A BAD BET
• Does God Oppose Gambling? • Is Gambling Sin? • What Does the Bible Say? Dr. Russell K. Tardo According to St. Augustine, “The devil invented gambling.” Whether or not one accepts Augustine’s conviction, gambling has been around for thousands of years. Augustus Caesar is said to have sponsored the first known public lottery in order to raise funds to repair the city of Rome. The Bible records that Roman soldiers gambled for the garments of Christ (Matthew 27:35), an action predicted in the Old Testament (Psalm 22:18). In the latter eighteenth century, lottery proceeds helped to fortify Colonial America against the British. But if the history of its use is long, so is that of its misuse. Loaded dice were found in the ruins of ancient Pompeii. Corruption, it seems, is the inevitable bedfellow of gambling. Corruption notwithstanding, various polls and studies have revealed that, in some form or another, gambling is practiced or endorsed by the majority of Americans. One reliable estimate is that 80 percent of adults gamble at least occasionally. Other estimates range from two-thirds of the population up to 88 percent.1 Obviously, this indicates that many Christians, too, are playing the office football pool, the lottery, bingo, slots, poker, horses, etc., and have invested some percentage of the 329 billion dollars gambled in the United States in 1992. What is Gambling? By definition, it is to bet money on the outcome of a game, contest, or other event. It means to play a game of chance for money or other stakes. It is further defined as wagering money, or something of value, on an uncertain event whose outcome is dependent either wholly on chance or partly on chance and partly on skill. However one defines or assesses gambling, one thread runs throughout its entire fabric⎯from the friendly Saturday night card game to the social club bingo to the full blown casino⎯the gains of the winners are made at the expense of the losers, and the gain is secured without rendering its equivalent either in service or in value. Thus, if a game of chance was played solely for amusement, it is not gambling. It only becomes gambling when money or valuables are wagered. But in order for one to win, another must lose. And in gambling, losers always far outnumber winners. So the three elements involved in the gambling equation are: 1) the betting of money or valuables; 2) the determination of the winner by luck, chance, or uncertain events; and 3) winners profiting at the expense of the losers.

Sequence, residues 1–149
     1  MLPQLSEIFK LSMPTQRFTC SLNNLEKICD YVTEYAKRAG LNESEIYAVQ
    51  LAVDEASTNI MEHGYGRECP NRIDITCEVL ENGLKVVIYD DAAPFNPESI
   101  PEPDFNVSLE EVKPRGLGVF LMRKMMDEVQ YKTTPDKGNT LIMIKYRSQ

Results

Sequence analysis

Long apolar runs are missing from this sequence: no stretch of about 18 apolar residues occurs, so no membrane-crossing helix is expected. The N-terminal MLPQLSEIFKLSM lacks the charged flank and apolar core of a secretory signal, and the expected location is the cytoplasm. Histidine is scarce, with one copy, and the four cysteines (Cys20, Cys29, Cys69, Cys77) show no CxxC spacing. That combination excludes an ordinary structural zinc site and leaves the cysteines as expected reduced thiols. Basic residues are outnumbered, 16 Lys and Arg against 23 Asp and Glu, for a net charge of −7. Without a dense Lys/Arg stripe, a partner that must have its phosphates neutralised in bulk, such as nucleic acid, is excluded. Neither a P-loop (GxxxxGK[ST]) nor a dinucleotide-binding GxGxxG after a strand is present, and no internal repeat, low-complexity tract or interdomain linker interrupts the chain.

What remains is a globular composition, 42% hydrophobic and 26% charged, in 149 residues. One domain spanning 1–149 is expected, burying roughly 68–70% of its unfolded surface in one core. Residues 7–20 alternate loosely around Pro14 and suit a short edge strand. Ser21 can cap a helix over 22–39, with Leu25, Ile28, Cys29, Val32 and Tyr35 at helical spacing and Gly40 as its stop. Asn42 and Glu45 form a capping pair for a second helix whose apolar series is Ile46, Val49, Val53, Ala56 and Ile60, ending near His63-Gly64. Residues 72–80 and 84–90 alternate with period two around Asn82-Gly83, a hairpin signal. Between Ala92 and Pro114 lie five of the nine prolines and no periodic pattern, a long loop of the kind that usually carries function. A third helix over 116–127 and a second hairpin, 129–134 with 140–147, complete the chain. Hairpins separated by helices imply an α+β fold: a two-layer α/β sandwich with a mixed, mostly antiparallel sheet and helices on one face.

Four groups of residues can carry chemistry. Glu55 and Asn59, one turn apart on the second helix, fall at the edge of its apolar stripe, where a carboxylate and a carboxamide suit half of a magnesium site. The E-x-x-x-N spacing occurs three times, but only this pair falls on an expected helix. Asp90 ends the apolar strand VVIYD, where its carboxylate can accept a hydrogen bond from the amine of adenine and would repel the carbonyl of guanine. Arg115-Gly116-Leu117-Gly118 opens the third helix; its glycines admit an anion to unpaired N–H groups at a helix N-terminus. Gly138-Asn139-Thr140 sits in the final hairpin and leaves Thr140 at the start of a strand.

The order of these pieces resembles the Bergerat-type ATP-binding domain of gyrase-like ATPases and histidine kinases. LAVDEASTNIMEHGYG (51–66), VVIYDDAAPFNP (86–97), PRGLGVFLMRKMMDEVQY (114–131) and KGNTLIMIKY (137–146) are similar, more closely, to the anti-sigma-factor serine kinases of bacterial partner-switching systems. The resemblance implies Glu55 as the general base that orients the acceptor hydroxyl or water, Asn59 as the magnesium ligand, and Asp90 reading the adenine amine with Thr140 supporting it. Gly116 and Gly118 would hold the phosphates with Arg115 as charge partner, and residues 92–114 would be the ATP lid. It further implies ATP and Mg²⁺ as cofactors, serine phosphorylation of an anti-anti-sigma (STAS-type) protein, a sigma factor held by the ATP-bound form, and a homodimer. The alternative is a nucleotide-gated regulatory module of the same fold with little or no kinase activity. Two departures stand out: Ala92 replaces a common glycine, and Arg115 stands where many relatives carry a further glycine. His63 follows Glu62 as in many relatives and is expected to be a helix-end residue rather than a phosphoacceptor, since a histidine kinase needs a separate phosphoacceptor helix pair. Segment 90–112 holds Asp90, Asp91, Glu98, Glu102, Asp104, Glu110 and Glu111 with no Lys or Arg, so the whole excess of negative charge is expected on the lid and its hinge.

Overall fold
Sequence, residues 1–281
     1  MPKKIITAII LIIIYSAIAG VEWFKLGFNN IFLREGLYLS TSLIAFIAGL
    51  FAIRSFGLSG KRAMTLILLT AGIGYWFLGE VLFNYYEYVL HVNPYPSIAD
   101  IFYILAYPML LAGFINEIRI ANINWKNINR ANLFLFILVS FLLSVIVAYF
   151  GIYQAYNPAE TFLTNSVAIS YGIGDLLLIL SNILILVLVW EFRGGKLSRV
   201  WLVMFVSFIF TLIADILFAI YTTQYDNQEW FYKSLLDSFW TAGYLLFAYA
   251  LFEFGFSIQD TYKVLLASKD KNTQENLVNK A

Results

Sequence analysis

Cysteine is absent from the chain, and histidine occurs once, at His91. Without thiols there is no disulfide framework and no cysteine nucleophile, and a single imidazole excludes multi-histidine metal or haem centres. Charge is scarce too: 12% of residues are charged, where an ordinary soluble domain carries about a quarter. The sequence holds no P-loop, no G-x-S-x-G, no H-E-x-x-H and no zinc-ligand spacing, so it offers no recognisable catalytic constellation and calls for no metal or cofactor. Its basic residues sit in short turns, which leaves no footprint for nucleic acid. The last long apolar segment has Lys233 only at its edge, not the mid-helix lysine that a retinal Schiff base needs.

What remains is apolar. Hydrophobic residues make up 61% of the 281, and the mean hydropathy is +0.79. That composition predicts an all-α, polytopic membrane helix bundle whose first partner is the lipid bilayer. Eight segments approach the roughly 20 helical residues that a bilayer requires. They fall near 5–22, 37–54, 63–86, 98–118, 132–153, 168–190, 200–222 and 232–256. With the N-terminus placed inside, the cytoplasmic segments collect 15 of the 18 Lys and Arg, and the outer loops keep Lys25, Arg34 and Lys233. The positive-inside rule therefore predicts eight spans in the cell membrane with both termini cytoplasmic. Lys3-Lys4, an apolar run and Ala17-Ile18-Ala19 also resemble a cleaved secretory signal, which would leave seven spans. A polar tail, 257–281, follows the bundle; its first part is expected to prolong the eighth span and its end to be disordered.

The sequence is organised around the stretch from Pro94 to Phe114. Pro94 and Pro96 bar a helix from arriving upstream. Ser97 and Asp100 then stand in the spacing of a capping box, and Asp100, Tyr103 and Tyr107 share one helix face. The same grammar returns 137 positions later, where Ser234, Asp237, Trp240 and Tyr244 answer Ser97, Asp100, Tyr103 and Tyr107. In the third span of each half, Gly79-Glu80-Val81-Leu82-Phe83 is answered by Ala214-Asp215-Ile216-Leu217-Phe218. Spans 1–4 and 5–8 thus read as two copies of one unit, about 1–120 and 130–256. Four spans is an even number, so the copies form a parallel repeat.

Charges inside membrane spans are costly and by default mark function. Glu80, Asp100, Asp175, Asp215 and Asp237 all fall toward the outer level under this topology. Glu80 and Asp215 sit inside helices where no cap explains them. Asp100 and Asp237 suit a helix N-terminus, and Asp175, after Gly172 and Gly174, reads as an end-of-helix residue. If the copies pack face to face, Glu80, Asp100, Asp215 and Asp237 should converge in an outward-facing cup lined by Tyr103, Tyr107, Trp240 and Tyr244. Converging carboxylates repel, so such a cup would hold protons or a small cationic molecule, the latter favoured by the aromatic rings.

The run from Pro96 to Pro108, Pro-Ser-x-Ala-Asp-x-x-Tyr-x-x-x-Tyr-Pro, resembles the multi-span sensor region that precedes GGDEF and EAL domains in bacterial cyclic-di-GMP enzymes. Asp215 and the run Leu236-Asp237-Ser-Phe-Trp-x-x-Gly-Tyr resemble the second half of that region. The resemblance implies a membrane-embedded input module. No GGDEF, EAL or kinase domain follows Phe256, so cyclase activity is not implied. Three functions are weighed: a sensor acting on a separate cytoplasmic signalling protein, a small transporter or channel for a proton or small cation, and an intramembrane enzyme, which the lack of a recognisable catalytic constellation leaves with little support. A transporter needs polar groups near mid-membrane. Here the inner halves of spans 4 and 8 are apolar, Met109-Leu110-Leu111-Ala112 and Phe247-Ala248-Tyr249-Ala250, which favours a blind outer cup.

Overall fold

Gambling and Discipleship Traditionally, Christians have held three different views on the subject of gambling: 1) The Roman Catholic view does not condemn gambling on a small scale. The danger lies in its excess. They consider small wagers, bingos, friendly bets, and raffles for worthy causes as amusements that inflict no hardship on those who participate. In fact, in many communities, Roman Catholic church-sponsored gambling, bingos, raffles, Las Vegas Nights, etc., are common occurrences. According to the New Catholic Encyclopedia, people are entitled to gamble as long as they do not render themselves incapable of fulfilling duties incumbent upon them by reason of justice or charity. The problems with this view surface in the following letter to U.S. Catholic magazine: “The Catholic Church has taught me to gamble. Bingo and raffles are absolutely no different from lotteries. If the Catholic Church would take the lead and stop gambling, I would reconsider the idea of playing the lottery. If I am greedy, it is because it’s almost a sacrament in the Church.”2 2) The mainline denominational view, while not holding church-sponsored raffles or bingos or putting their official “sanction” on gambling, does not attach any great harm in it, either, if practiced in moderation. This segment of Christianity would, however, most likely oppose its legislation on a major scale. 3) The biblical view denounces gambling as a moral evil on any...
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